Dove’s History Lesson “Parsley” by Rita Dove is a poem that tells the story of true events that happened in the early 1900s in the Dominican Republic. Dove tells the story of how the dictator of the Dominican Republic had over 20,000 Haitian workers killed because they couldn’t pronounce the word “perejil,” which is Spanish for parsley, correctly. The poem is broken up into two parts; the first part is given from the Haitians’ perspective, while the second part is from the dictator Rafael Trujillo’s perspective.
This is a significant structural element of the poem because it allows readers to have it allows readers to understand the thought processes of the victims of the massacre, the Haitians, but at the same time understand the thought processes of the facilitator of the massacre, Trujillo. The first part of the poem is titled “The Cane Fields” and is the part which is given from the Haitians’ perspective. It starts out with the Haitians describing their work. The narrator talks about the sugarcane in the swamp and says that “we cut it down” (4).
Cutting sugarcane down was a job that most migrant workers from Haiti did. While they were doing their work the narrator describes how Trujillo “searches for a word” (5). The word he is searching for is “perejil,” and he kills everyone who doesn’t pronounce it right. This is a tough task for the Haitian workers because they “cannot speak an R. ” The Haitians pronounce the word “pelejil” because they can’t roll the letter “r,” so Trujillo kills them. This helps readers understand why the Haitians are getting killed and feel sympathy for them.
There are many readers who can’t roll the letter “r,” so those who can’t sympathize with the workers even more because they realize that if they were in the same predicament they would have been killed too. The fourth stanza shows that Trujillo had no mercy, not even for young children. This is shown in the line where the narrator says “The children gnaw their teeth” (11). This paints a picture of the children grinding their teeth out of fear because they know death is near.
This helps the readers understand the Haitians even more because the children gnawing their teeth lets the reader know that they are terrified because they know their death is near. The killing of children allows the reader to sympathize with the Haitians even more because everyone can sympathize with the death of a child, so the massacre of thousands of children makes readers more sympathetic. The fact that Dove has a first-person plural narrator to show the Haitians’ perspective also allows readers to understand them. Using terms like “us” and “we” instead of terms like “they” and “them” helps readers connect to the story better.
For example, when the narrator says “we lie down screaming” (7), it gives readers the ability to put themselves in the Haitians’ situation laying down and screaming with them. The second part of the poem is titled “The Palace” and is given from the Dominican Republic’s dictator Rafael Trujillo’s perspective. It starts out with the new narrator discussing how the Trujillo thinks “of his mother, how she died” (23). This helps readers understand the dictator because everyone has had a family member that was close to them die, which left them a little mentally distraught.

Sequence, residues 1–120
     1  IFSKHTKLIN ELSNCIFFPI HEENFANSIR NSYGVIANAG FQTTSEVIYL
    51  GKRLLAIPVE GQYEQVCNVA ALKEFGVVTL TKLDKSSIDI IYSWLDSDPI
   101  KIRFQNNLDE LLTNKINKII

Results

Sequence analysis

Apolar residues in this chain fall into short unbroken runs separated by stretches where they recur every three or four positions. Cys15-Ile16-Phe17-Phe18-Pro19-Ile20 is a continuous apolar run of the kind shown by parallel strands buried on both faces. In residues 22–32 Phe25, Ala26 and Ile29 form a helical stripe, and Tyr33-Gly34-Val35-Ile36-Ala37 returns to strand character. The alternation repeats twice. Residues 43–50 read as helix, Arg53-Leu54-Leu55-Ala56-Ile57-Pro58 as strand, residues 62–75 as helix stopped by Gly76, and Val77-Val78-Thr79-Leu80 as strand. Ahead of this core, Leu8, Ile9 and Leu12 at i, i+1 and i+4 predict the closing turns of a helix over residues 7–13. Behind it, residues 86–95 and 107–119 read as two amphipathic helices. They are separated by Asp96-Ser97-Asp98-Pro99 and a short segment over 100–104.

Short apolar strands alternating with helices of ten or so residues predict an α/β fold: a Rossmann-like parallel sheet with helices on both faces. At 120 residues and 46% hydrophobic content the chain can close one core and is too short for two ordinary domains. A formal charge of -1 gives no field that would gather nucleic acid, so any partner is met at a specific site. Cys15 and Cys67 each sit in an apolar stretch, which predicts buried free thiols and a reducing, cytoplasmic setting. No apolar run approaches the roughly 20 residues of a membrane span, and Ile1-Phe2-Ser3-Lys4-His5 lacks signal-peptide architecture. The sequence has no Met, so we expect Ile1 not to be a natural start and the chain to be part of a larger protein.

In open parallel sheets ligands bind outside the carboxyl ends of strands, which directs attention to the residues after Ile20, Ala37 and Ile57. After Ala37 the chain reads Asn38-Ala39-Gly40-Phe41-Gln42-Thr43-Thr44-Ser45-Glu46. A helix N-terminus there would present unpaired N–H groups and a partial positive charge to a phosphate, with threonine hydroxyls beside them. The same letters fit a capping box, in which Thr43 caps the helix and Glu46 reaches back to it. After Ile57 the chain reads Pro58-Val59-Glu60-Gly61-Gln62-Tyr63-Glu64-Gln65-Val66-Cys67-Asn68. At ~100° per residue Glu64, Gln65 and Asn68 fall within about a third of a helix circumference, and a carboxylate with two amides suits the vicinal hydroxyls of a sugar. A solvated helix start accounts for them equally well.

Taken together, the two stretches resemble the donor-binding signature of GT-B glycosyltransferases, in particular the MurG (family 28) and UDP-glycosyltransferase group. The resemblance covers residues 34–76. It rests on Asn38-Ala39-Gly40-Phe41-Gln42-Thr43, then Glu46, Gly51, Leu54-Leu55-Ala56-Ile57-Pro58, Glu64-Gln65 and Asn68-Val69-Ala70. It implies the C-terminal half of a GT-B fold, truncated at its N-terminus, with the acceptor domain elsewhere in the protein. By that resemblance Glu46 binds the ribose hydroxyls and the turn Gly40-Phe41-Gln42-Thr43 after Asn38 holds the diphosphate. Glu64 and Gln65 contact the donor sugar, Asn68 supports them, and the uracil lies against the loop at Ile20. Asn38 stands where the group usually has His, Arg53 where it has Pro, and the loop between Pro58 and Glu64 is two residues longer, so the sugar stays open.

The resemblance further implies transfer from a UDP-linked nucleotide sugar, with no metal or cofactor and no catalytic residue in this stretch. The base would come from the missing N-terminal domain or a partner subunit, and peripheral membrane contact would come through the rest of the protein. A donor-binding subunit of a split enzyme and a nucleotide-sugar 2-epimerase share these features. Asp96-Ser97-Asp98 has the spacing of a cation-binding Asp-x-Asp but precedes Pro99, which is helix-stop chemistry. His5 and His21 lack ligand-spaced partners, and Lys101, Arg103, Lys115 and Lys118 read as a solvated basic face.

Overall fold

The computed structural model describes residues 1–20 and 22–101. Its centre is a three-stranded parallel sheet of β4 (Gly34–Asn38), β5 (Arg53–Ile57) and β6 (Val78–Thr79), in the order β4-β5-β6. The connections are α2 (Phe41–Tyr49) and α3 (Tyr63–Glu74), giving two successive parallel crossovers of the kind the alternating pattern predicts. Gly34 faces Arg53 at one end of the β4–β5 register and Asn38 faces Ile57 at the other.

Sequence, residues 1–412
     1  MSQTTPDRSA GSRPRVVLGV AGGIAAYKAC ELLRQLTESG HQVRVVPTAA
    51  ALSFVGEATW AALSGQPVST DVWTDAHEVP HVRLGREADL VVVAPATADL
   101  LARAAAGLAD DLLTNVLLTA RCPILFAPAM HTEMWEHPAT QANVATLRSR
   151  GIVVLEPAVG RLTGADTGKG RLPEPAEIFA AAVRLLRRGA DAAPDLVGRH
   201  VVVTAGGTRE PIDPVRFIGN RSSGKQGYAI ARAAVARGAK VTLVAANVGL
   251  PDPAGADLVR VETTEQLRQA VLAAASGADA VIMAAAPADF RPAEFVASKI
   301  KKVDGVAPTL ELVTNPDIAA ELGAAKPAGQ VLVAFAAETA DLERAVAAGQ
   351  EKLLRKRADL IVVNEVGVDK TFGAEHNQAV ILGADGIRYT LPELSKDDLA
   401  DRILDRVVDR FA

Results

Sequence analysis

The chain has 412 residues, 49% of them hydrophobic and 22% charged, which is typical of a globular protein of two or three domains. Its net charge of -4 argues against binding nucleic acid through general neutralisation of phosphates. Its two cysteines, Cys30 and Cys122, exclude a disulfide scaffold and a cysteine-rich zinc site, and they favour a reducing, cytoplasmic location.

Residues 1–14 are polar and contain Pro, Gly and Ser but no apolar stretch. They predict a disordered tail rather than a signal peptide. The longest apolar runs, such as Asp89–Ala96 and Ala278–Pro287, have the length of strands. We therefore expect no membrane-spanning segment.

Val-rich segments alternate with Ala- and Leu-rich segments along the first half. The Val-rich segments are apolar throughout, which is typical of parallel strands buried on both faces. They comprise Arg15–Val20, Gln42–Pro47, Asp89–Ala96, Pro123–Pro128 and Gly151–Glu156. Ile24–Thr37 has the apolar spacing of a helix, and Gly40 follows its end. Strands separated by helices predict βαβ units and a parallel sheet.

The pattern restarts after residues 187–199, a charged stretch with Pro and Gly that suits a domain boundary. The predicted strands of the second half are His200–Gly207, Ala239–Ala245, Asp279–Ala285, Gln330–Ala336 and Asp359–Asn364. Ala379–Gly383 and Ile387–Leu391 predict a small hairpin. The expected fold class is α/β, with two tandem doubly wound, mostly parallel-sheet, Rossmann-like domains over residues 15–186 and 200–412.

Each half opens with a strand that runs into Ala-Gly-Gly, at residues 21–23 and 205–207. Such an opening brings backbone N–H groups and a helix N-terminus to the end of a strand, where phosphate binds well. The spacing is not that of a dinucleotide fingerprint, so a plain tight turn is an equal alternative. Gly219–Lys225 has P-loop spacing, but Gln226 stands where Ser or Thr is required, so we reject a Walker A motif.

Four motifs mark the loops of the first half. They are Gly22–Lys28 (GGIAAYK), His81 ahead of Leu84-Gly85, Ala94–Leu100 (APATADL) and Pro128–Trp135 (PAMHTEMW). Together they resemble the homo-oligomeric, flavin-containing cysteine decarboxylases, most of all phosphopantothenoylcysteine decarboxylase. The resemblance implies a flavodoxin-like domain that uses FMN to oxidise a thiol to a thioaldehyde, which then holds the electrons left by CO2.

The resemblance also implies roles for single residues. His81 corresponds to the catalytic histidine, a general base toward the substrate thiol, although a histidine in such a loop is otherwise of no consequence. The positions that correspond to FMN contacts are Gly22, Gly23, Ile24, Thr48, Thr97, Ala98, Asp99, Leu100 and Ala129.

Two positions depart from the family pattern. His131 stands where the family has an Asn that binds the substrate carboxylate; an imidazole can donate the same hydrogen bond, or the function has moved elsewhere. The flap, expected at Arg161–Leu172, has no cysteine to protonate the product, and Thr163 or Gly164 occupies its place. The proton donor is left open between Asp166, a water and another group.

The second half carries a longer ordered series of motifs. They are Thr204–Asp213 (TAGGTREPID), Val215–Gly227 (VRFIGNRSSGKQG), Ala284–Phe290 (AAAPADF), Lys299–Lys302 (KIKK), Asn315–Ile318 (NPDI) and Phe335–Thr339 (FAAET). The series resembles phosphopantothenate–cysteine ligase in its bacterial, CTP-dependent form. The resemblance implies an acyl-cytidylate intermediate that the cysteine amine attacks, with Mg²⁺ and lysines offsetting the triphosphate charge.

In Trujillo’s case the death of his mother might have driven him so crazy to the point where he didn’t care about anyone’s life any more and completely lost his morality. A few stanzas later the narrator describes how “a startled tear” (66) came down Trujillo’s eye after someone calls his name similar to how his mother used to. This makes readers understand him more because it shows he is still hurt by his mother’s death. Even though he is a dictator who massacres thousands of innocent people, the fact that he still cries helps readers understand that he is so upset over his mother’s death that maybe it drove him to massacre innocent people.
The fact that Dove has a third person narrator for Trujillo’s perspective makes it easier for readers to understand him than if it were a first person narrator. This is because if it were a first person narrator using words like “I” and “me” it would have just seemed like Trujillo was trying to make himself look good by appealing to the soft side of readers. But since the narrator is a third person it is more effective in making readers sympathize with him a little because it shows that someone in the palace has sympathy for him and if someone in the palace has sympathy for him, then maybe readers should too.
The part from the Haitians’ point of view is only 19 lines long, while the part from the dictator’s point of view is 53 lines long. Dove used about three times as many lines on the dictator as she did for the Haitians because it takes more in order to get readers to understand a murdering dictator. Dove’s separation of the two different perspectives makes readers think about the feelings of both parties involved in the story. It allowed readers to understand the people being murdered, while also understanding he murderer and his reasons for killing at the same time. Separating the poem into two parts also allows readers to better understand what was going on in the Dominican Republic in the early 1900s. It shows that the Haitian migrant workers felt and how the dictator felt at the time of the massacre. Dove made sure that readers understood both parties involved to inform and create a better understanding of a crucial event in the history of the Dominican Republic which is seldom talked about in America.